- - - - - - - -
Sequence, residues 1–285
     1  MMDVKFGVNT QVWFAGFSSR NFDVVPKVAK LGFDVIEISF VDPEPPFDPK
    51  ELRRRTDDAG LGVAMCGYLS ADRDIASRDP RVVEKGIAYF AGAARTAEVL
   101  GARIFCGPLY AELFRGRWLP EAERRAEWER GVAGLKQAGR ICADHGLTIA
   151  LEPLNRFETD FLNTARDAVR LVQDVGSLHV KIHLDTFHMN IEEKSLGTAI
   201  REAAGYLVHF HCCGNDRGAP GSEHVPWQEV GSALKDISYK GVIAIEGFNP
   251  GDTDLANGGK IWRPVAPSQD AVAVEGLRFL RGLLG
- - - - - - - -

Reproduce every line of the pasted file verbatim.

Sequence, residues 1–285
     1  MMDVKFGVNT QVWFAGFSSR NFDVVPKVAK LGFDVIEISF VDPEPPFDPK
    51  ELRRRTDDAG LGVAMCGYLS ADRDIASRDP RVVEKGIAYF AGAARTAEVL
   101  GARIFCGPLY AELFRGRWLP EAERRAEWER GVAGLKQAGR ICADHGLTIA
   151  LEPLNRFETD FLNTARDAVR LVQDVGSLHV KIHLDTFHMN IEEKSLGTAI
   201  REAAGYLVHF HCCGNDRGAP GSEHVPWQEV GSALKDISYK GVIAIEGFNP
   251  GDTDLANGGK IWRPVAPSQD AVAVEGLRFL RGLLG